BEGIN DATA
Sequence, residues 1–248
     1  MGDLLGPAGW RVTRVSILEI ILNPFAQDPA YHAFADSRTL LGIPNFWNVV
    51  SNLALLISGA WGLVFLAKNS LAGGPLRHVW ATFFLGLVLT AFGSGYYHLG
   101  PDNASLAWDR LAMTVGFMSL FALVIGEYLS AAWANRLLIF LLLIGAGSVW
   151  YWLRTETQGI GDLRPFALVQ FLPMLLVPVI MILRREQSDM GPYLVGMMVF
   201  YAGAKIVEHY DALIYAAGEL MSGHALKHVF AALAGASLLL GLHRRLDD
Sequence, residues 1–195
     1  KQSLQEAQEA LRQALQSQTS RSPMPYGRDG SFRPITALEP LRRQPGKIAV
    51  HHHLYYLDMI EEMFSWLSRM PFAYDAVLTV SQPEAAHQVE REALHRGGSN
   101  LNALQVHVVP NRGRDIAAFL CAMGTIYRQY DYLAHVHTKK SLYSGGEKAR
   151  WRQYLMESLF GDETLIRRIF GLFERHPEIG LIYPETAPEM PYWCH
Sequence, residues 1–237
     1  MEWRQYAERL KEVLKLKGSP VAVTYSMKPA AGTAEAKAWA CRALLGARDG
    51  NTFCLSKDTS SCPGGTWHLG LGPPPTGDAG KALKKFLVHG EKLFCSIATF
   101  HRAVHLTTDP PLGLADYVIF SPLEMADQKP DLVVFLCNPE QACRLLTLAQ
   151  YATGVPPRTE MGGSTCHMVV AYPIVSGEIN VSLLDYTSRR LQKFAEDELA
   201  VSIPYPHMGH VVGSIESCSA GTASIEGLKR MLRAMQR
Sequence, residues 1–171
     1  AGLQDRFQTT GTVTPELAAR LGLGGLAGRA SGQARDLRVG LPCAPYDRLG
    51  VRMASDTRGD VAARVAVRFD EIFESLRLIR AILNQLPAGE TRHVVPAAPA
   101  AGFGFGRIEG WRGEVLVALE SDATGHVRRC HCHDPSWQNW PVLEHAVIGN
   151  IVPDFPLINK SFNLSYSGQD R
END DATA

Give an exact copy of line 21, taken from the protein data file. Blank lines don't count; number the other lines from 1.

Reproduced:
   101  AGFGFGRIEG WRGEVLVALE SDATGHVRRC HCHDPSWQNW PVLEHAVIGN